5 common objections to Agile
In this article I correct misconceptions I hear about Agile so you can discover what Agile is really about.
Here are five common objections I hear about Agile, which are misconceptions about what I understand as the true spirit of Agile:
1) “Agile is chaos!”
Actually, Agile encourages structured autonomy.
2) “Agile is traditional project management, rebranded”
Actually, Agile is first and foremost a mindset, or way of being, and not a specific way of managing projects.
3) “Agile does not use plans or documentation”
Actually, Agile certainly can have plans and documentation, but these are updated in response to change.
4) “Agile is complicated processes with that requires certification”
Actually, The Agile industry has designed overly complex processes and created certification around them. While they might capture useful best practices, any rigid top-down implementation that is overly complex and does not take contex into account is not in the spirit of Agile.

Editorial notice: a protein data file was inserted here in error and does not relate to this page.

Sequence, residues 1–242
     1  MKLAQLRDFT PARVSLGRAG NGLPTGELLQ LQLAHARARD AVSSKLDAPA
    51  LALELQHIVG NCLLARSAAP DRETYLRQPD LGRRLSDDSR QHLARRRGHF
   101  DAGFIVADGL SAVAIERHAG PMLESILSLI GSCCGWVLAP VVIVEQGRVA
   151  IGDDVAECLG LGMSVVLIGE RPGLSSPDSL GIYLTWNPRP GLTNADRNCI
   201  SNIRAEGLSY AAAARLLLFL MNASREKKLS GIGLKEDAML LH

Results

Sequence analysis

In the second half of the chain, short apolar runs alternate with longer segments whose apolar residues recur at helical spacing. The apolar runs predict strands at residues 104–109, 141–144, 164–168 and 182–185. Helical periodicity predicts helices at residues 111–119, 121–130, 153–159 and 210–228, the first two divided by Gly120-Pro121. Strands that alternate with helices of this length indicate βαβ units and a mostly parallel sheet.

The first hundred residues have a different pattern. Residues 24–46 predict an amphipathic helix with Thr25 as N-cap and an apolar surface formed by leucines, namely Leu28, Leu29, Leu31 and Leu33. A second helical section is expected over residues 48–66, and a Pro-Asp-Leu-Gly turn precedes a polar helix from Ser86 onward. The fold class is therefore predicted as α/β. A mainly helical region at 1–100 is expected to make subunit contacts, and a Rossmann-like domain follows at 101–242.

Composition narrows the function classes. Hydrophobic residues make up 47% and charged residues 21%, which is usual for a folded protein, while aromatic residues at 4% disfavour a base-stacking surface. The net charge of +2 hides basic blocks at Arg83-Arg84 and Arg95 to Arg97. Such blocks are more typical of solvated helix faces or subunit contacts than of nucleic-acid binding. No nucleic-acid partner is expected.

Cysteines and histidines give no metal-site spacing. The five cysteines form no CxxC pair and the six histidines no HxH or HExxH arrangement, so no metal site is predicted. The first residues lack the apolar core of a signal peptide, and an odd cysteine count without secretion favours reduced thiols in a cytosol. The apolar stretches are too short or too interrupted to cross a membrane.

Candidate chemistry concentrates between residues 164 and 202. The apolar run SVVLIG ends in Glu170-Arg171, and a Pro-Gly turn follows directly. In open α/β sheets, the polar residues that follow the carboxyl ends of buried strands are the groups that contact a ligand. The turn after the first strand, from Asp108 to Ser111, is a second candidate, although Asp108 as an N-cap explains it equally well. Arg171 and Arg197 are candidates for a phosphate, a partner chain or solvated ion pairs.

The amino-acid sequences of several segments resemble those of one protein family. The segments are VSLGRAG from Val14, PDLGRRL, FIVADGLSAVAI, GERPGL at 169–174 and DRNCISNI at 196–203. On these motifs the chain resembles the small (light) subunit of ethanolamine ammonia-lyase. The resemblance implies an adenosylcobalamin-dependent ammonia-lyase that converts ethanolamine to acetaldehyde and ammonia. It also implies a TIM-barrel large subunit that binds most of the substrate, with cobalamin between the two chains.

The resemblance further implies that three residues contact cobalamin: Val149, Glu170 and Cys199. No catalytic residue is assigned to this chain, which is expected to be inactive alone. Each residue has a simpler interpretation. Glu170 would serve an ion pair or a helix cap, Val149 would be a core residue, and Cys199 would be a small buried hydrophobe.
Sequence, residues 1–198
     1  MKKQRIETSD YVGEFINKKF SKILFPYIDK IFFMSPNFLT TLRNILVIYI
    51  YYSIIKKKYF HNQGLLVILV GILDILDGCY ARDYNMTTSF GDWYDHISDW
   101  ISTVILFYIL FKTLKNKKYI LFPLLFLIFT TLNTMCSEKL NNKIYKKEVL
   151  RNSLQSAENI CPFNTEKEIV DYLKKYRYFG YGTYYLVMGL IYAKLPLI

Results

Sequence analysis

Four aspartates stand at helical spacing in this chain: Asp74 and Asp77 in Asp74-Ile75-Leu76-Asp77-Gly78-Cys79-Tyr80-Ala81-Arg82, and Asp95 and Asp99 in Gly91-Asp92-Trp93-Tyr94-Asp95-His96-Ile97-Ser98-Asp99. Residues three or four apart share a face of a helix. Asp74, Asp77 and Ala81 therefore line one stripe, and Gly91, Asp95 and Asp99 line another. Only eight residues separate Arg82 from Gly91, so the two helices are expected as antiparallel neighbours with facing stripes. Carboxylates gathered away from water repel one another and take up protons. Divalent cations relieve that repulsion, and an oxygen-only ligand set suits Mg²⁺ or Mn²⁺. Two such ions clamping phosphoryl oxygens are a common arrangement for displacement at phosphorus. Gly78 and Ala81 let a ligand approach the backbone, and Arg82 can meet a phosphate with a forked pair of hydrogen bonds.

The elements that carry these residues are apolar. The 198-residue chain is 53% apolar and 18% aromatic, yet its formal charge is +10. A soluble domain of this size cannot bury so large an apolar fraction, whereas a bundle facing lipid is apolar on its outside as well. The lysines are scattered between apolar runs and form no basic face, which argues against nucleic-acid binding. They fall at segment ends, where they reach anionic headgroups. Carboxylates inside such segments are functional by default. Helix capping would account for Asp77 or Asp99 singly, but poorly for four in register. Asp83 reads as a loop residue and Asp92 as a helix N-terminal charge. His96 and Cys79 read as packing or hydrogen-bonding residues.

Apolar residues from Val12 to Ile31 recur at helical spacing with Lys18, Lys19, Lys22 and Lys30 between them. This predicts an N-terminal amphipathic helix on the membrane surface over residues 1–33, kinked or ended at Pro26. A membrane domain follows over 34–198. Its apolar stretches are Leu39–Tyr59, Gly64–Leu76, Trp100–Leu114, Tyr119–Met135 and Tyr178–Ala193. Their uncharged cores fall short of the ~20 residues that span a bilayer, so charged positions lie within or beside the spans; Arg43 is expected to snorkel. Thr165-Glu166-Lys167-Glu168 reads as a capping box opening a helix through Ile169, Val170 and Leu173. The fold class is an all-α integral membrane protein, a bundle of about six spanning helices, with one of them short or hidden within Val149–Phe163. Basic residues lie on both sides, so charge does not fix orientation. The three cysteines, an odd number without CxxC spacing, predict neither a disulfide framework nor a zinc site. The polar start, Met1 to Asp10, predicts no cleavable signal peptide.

5) “Agile (and self-organization) is an excuse to fire middle management”
Actually, Self-organization works best with structured autonomy where power is shared. Servent leaders, facilitators and roles with accountability play a key role in this. If middle management is fired for cost-savings without investing in structured self-organization, Agile is likely to become chaos.